This is one of those "what if" fantasy world type questions. I like hard sci-fi so please no "well, you changed one thing about the world so now anything goes." :)

What if the Higgs had no vev?

That is essentially this question and I was charmed by Ron Maimon's excellent answer to it, but I was under the impression from this statement of his:

The massless electron will lead the electromagnetic coupling (the unHiggsed U(1) left over below the QCD scale) to logarithmically go to zero at large distances, from the log-running of QED screening. So electromagnetism, although it will be the same subgroup of SU(2) and U(1) as in the Higgsed standard model, will be much weaker at macroscopic distances than it is in our universe.

...

The combination of a long-ranged attractive nuclear force and a log-running screened electromagnetic force might give you nuclear bound galaxies, held at fixed densities by the residual slowly screened electrostatic repulsion. These galaxies will be penetrated by a cloud of massless electrons and positrons constantly pair-producing from the vacuum.

and recently reading about the log running in Shifman, *Advanced Topics in Quantum Field Theory*, that massless QED would be very weak at macroscopic distances. Of course, log running is slow so this seemed a little odd as well, so I decided to calculate.

The (one loop) running coupling of QED with one massless charged fermion is

$$ e^2(p) = \frac{e^2(\mu)}{1-\frac{e^2(\mu)}{6\pi^2}\ln\frac{p}{\mu}}, $$

where $\mu$ is the arbitrary renormalization point and $p\sim 1/\ell$ is the scale of the probe. I took $\mu=1\ \mathrm{MeV}$ and set $e^2(\mu)=4\pi\alpha$ and got this:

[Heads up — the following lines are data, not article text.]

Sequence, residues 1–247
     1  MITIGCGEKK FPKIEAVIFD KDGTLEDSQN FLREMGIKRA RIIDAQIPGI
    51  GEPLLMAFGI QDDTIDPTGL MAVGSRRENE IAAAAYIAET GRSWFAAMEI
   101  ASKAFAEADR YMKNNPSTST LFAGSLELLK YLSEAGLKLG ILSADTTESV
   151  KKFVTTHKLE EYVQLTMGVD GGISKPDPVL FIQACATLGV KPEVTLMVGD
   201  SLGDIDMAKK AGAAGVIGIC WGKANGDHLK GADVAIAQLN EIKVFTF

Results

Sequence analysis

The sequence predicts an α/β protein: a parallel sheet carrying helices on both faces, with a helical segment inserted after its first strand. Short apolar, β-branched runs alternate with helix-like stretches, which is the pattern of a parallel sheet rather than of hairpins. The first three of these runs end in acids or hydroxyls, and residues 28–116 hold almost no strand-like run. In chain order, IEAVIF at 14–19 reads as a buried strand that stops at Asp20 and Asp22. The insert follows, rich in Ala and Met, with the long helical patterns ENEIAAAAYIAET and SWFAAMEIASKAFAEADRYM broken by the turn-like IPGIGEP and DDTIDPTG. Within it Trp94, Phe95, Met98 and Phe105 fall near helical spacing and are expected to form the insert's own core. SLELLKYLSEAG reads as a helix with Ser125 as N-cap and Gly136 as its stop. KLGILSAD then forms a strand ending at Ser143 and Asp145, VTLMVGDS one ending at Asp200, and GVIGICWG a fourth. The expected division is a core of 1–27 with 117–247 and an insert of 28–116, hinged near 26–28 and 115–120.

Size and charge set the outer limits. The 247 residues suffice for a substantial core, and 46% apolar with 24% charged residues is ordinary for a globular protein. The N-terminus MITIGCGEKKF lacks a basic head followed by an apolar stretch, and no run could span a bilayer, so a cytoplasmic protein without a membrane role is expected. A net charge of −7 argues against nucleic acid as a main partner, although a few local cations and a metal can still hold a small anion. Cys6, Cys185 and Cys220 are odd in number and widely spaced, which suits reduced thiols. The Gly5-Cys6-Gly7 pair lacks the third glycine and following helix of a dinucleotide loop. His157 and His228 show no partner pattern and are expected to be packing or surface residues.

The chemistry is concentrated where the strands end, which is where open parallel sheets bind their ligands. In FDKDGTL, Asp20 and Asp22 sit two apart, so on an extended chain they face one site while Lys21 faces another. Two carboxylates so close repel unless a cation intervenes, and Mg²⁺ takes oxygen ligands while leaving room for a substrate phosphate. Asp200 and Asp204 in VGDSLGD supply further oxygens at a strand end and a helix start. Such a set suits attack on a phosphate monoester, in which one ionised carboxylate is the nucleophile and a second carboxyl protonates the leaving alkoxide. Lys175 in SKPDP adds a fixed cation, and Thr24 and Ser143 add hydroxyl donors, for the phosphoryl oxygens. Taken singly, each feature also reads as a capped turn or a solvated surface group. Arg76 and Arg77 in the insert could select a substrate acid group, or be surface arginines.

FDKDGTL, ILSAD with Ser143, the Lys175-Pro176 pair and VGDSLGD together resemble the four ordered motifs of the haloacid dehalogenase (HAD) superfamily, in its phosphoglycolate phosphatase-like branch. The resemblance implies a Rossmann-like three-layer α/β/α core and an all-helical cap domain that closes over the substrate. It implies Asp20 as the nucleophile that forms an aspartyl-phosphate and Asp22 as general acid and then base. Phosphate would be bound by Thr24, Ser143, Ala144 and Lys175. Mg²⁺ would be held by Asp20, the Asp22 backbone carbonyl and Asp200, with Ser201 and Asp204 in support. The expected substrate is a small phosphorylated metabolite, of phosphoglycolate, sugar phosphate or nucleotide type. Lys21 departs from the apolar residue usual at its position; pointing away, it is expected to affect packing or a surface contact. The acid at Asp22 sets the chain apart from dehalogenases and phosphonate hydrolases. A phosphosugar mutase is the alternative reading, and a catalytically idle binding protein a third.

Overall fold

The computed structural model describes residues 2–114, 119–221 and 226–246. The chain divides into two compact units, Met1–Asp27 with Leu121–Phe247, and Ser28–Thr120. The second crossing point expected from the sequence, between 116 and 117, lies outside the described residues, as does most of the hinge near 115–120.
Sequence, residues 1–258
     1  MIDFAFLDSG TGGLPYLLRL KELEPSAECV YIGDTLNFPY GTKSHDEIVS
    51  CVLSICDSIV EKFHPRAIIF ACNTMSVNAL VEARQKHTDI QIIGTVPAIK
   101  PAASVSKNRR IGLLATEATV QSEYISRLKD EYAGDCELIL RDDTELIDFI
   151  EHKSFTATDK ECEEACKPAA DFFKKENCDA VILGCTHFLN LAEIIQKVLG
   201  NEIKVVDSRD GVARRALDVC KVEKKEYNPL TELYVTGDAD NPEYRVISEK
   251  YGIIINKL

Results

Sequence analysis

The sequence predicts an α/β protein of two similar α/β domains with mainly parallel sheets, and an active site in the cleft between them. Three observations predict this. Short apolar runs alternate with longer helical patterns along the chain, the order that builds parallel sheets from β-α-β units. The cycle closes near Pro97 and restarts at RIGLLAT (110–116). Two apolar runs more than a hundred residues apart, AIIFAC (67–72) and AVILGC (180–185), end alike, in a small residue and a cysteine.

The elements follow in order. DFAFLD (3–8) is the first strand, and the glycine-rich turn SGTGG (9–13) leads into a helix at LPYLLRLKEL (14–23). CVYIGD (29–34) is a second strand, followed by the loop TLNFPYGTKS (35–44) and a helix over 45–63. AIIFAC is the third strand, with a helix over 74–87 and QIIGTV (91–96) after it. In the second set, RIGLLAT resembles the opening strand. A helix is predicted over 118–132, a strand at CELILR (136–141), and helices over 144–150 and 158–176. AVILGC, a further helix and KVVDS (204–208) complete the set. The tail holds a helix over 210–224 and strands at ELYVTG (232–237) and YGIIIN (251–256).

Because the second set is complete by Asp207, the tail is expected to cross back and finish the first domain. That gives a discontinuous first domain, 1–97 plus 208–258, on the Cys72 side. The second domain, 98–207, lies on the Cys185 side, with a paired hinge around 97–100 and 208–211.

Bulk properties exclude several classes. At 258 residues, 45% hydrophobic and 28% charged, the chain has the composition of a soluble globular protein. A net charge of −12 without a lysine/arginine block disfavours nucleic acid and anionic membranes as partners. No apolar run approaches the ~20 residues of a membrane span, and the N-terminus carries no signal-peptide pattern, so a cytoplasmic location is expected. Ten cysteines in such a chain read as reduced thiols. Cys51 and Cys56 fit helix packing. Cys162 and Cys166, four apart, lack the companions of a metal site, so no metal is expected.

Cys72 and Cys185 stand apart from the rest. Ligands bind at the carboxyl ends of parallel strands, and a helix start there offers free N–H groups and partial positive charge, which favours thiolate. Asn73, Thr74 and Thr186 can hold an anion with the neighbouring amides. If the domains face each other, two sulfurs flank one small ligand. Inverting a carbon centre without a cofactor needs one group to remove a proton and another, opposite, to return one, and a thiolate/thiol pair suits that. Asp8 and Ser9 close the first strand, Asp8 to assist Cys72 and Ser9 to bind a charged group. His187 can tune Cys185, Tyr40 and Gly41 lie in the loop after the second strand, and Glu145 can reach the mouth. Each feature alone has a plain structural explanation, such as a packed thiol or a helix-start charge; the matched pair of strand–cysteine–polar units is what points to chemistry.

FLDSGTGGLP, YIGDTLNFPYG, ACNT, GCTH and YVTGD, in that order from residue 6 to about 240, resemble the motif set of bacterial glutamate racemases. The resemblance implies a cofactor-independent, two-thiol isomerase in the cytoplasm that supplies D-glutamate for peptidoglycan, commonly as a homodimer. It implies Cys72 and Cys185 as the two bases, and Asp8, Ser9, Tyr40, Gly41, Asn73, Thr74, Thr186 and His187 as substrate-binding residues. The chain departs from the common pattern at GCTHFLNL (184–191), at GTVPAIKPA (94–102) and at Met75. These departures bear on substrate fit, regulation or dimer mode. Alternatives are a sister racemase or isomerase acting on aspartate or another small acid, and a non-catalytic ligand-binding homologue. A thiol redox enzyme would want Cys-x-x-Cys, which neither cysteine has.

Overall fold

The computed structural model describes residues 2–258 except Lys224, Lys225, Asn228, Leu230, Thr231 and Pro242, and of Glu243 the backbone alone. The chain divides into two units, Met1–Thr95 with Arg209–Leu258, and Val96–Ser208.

Note the scale. So the log running really is *slow*. Even at the Hubble scale the effective charge is only reduced by about 6%! Including $N$ massless charged flavours multiplies the beta function (yeah?):

$$ \frac{\mathrm{d}e}{\mathrm{d \ln\mu}} = N \frac{e^3}{12\pi^2}, $$

so the coupling becomes

$$ e^2(p) = \frac{e^2(\mu)}{1-\frac{N e^2(\mu)}{6\pi^2}\ln\frac{p}{\mu}}. $$

For the SM $N=3$ (assuming all the charged mesons are above 1 MeV - is this true?) this increases the running, but not much:

So EM is still sizable at cosmological distances if:

I didn't make any mistakes,

And the number of massless charged particles isn't too great.

This was somewhat surprising to me, though perhaps only because I misunderstood the assertion. It is certainly the case that atoms blow up (Bohr radius $a\sim1/\alpha m_e\to\infty$) so life is definitely not as we know it, but EM is still an important interaction at large scales - large enough to expect matter to form neutral conglomerates much smaller than galaxies. It is not at all clear to me that the dominant effect is an electrostatic repulsion that would stabilize any kind of nuclear bound galaxy. So:

What is the real phenomenology of the Higgs-less SM? Can anyone elaborate on Ron Maimon's vision?

This post imported from StackExchange Physics at 2014-03-07 14:33 (UCT), posted by SE-user Michael Brown